Hi, i've been looking into ways to model fracture in real-time and i ran into a few papers on the net, one was by a few people from MIT compsci lab that seemed to fit what i was trying to do very well. However some of the math in it is a bit involved. The link to the paper is, for instance, graphics.cs.yale.edu/julie/pubs/Fracture.pdf .(adsbygoogle = window.adsbygoogle || []).push({});

So the formulation of the model goes approximately like this:

u [u1 u2 u3] - spatial coordinates of the undeformed object point in world coords

deformation is a function p( u ) = [p1, p2, p3] - maps undeformed world to deformed world coords

Green's tensor is Ju(p)*JuTransposed(p) - I.

Ju( p ) is the jacobian of the vector function p with respect to u

hooke's law relates stress sigma to strain e. for isotropic materials it can be expressed as

sigma = 2 mu e + lambda trace(e)* I

sigma is the stress tensor, e is strain tensor

eta = 0.5 trace( sigma * e ) - elastic potential energy

total elastic potential is integral of eta over the body volume

energy conservation states that internal work (elastic potential) has to be equal to the external work done by the external forces

we want to solve for deformation function p given the external force field.

our FEM formulation approximates function p as piecewise linear within tetrahedral elements

linear deformations yield constant strain and stress tensors within each element therefore tensors can be moved outside of any integration over an element's volume

we assume constant strain tetrahedra and use barycentric coords for interpolating within them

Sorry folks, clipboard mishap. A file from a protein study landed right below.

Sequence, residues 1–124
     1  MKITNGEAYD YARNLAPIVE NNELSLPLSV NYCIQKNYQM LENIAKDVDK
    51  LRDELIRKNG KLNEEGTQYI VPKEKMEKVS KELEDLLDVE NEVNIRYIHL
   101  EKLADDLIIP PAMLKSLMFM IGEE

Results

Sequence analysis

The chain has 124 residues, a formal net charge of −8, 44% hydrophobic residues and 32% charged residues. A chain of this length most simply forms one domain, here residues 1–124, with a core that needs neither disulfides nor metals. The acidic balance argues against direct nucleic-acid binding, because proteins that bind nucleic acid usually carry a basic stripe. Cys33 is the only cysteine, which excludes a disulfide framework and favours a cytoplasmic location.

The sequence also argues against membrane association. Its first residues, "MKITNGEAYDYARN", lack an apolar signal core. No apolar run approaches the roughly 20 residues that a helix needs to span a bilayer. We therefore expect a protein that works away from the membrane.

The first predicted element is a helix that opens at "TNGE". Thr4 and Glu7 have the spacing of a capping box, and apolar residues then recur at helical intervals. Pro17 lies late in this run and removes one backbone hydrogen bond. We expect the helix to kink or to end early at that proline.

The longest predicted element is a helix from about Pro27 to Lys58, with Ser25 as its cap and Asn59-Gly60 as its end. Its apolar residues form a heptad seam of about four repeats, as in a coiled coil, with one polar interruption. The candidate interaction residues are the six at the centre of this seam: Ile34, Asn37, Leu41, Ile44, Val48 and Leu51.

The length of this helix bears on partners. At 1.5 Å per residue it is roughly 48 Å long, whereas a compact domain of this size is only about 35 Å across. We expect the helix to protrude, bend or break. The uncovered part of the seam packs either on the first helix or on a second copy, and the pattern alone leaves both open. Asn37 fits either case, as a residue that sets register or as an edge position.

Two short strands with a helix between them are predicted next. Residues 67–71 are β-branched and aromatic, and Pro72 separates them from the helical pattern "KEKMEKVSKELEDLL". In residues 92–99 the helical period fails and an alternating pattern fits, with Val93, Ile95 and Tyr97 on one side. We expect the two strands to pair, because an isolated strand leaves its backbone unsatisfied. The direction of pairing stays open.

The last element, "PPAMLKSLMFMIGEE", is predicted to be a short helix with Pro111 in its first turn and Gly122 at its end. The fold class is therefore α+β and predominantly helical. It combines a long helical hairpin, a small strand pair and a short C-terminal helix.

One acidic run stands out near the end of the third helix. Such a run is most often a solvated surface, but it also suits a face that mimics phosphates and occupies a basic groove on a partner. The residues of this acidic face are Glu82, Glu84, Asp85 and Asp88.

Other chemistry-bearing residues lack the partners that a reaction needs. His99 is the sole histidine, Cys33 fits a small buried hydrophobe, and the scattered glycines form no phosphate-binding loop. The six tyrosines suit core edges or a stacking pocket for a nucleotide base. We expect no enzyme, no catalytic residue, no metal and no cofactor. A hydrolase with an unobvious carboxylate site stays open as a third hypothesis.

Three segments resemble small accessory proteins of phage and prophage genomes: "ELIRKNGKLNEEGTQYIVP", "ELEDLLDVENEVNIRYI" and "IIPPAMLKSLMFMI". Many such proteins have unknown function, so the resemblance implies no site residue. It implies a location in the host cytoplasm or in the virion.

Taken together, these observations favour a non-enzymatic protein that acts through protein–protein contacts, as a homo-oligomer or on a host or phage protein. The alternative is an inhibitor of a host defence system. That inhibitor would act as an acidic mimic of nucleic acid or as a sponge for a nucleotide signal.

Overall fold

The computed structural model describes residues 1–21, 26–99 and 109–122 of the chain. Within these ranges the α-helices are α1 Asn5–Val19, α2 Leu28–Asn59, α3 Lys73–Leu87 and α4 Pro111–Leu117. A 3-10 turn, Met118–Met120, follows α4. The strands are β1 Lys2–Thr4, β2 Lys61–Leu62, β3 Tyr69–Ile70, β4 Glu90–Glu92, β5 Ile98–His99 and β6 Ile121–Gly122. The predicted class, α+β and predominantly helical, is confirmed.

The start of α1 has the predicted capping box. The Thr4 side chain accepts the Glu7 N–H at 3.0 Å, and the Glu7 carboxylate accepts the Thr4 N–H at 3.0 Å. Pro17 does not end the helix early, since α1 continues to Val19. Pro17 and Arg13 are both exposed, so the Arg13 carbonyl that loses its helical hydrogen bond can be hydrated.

m = [m1, m2, m3, m4] - coords of the 4 nodes of a tetrahedron in undeformed material coordinates

x1, x2, x3, x4 - deformed coords for the same points

b = [b1, b2, b3, b4] - barycentric coords in terms of element's nodal positions in the undeformed frame

thus [u,1] = [m,1] * b - mapping from barycentric to undeformed world coordinates

we use the same barycentric coordinates b to identify u with p( u ), given that we know x1...x4

[p,1] = [x,1] * b

we can combine the relations above to form a direct mapping p( u )

p(u) = [x,1]*beta*[u,1], where beta = inv( [m,1] )

this defines the deformation function p, allowing the computation of the strain tensor e, stress tensor sigma and the potential density eta. these turn out to be constant within each element

the elastic force on the ith node fi is defined as the partial derivative with respect to xi of the elastic potential density eta, integrated over an element's volume

this amounts to

fi = nu/2 * beta * G * sigma * Gtranspose * beta_transpose * xi

where nu is the element's volume in the undeformed coord frame and

G = [ [ 1 0 0 ] [ 0 1 0 ] [ 0 0 1 ] [ 0 0 0 ] ] (3x4 matrix)

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while i have this written out there is a number of things i don't quite understand, if someone could help me figure this out i'd appreciate that greatly.

First, what's the intuition behind the elastic potential density? Where does that formula (eta = 1/2 Trace( sigma * e ) come from?

Second, how do they arrive to the formula for the nodal forces? They say they integrate the elastic potential's derivative over the element's volume but how would i go about actually writing that out? It seems the expression for eta ends up to be a fourth degree polynomial of the components of x. Are they integrating eta over the tetrahedron first and then differentiating the result or are they integrating the derivative? Whats the physical meaning of that operation? How do i go about writing that integral out?

I know this might be a lot of questions to ask but i really want to figure this one out :)

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# Modeling fracture

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